Strategy offers bright ideas
Imagining a sustainable future and turning ideas into realities is what it's all about. This week will see the launch of the Lismore Sustainability Strategy - a 40-page report that contains the visions of more than 250 local community members who took part in the Lismore Community Sustainability Forum in November 2011. To celebrate the launch, the community is invited to come to the Star Court Theatre in Lismore on Thursday, July 26, to find out more about the report as well as see the screening of In Transition 2.0, the latest film about the transition movement.
According to sustainability forum secretary Derek Mackenzie, the top three community visions for the future that came out of the forum were having a sustainable local food industry, more Art in the Heart and a nimble bus service.
"The top ten ideas distilled out of the forum will be now put on exhibition in the Lismore Library," Mr Mackenzie said.
"We will be handing over the report to Lismore City Council and this will feed into the Imagine Lismore process that is now underway."
With the support of Lismore City Council and the Department of Industry and Investment, the Lismore Community Sustainability Forum group is hoping that the ideas generated in the sustainability strategy will result in some innovative local projects in the future.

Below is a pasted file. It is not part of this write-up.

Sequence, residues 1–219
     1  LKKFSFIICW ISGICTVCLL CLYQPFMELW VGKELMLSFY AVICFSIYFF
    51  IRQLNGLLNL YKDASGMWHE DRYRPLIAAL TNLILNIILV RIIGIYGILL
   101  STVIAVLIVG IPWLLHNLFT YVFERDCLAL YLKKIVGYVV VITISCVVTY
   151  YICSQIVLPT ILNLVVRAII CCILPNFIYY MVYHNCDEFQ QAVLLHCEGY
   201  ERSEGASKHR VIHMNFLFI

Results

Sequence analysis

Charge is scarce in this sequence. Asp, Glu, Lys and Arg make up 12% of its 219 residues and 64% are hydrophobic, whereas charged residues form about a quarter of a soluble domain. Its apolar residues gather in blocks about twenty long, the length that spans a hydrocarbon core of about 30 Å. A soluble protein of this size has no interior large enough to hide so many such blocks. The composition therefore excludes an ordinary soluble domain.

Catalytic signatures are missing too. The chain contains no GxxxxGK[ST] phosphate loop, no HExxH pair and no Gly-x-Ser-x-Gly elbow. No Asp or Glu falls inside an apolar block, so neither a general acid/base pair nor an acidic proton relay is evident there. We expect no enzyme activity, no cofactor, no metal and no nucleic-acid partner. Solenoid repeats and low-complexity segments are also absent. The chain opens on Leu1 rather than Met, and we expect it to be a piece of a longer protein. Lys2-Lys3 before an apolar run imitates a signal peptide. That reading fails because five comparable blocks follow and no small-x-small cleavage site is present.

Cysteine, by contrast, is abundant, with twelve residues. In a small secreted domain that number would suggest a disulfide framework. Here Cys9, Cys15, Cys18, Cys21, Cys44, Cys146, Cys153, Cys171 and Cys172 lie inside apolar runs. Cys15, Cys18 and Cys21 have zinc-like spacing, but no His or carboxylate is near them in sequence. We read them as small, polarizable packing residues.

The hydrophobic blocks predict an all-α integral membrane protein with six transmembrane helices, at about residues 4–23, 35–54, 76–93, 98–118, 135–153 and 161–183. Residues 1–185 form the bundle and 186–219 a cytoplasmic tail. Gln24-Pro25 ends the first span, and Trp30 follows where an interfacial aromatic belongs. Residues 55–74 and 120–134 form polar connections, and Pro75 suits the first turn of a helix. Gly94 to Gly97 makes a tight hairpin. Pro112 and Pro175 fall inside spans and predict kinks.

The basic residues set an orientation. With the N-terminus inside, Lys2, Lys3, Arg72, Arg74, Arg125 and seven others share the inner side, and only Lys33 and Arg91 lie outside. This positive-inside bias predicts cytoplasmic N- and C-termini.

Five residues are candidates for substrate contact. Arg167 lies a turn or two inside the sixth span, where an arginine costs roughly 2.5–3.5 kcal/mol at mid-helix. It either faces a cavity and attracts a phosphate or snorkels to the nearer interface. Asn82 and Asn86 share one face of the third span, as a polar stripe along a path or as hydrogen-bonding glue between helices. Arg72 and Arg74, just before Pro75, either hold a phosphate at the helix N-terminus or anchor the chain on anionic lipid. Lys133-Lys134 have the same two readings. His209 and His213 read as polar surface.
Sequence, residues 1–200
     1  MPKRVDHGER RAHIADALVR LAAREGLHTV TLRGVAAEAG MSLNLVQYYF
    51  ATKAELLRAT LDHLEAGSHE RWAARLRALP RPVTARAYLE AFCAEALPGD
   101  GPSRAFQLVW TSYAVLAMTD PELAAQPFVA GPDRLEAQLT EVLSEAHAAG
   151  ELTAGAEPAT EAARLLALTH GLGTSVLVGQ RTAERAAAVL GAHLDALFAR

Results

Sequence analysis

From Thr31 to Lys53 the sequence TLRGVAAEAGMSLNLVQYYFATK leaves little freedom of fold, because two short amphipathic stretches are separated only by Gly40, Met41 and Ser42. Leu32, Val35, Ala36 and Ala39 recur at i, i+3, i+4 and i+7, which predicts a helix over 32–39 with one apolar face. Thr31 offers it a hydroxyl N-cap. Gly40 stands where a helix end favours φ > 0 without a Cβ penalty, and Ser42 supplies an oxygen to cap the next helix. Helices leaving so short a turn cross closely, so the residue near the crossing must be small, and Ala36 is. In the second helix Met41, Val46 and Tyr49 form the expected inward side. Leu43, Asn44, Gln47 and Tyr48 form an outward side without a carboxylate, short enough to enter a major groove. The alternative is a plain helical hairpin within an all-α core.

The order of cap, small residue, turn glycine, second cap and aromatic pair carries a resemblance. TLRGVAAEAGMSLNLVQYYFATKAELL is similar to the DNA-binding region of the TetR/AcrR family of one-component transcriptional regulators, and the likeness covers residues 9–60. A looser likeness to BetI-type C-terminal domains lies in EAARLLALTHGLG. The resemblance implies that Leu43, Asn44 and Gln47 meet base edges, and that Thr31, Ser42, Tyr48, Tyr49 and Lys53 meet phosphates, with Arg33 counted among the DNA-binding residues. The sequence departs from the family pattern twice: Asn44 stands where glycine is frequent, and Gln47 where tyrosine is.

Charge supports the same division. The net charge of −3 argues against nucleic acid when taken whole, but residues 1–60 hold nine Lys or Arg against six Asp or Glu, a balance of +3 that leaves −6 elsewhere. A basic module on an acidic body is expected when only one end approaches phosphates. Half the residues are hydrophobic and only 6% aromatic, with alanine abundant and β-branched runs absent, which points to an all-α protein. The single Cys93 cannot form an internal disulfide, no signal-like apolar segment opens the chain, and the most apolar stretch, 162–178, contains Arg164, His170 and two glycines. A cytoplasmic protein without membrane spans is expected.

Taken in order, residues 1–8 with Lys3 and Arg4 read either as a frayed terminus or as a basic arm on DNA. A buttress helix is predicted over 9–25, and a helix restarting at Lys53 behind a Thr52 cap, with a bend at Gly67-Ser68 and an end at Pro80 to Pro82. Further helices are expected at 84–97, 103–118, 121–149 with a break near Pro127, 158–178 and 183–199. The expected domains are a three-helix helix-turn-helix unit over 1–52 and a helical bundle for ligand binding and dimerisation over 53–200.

"We'd like to see a local energy industry developed where local energy retailers generate and sell power locally," Mr Mackenzie said.
"The communities in Nimbin and Brunswick Heads have also created sustainability strategies. The Nimbin community is already generating solar power after installing 45kw solar systems on buildings and they have just purchased a house they will develop as a sustainable house project. They also have grain mills and food dehydrators; there's so much going on there."
Mr Mackenzie said the principles of sustainability encompass what is known as 'the localisation movement'.
"It's about fostering our local industry to produce local products and making sure that our children have a future," he said.
"The movie In Transition 2.0 is about the transition to localisation where people are re-learning old skills that are necessary to create a low-carbon, low-energy future such as preserving food, making bread ferments and learning basic skills like fixing our own bikes and solar panel maintenance. You'll hear about communities printing their own money, growing food everywhere, localising their economies and setting up community power stations."
The Lismore Community Sustainability Forum has an open forum meeting on the second Wednesday of every month and everyone is invited to take part.
"We also have an embryonic currency group that is looking into creating complementary local currencies to encourage people to spend their money in the local area," Mr Mackenzie said.
"Local dollars work well in times of recession and can be run by local councils and operate out of community banks. The local dollars can't be traded outside of defined areas and usually chain stores won't accept it, but local bread shops and butchers will.
"It's like plugging holes in a leaky bucket and keeping the money in the local community. There are a number of places such as the town of Lewes in England that have successfully launched their own currencies and have increased local business and employment."
The launch of the Lismore Sustainability Strategy begins at 6pm for a 7pm start and food and drink will be available. Entry costs $12, but is free for people who attended last year's sustainability forum. For more information, visit www.lismoresustainability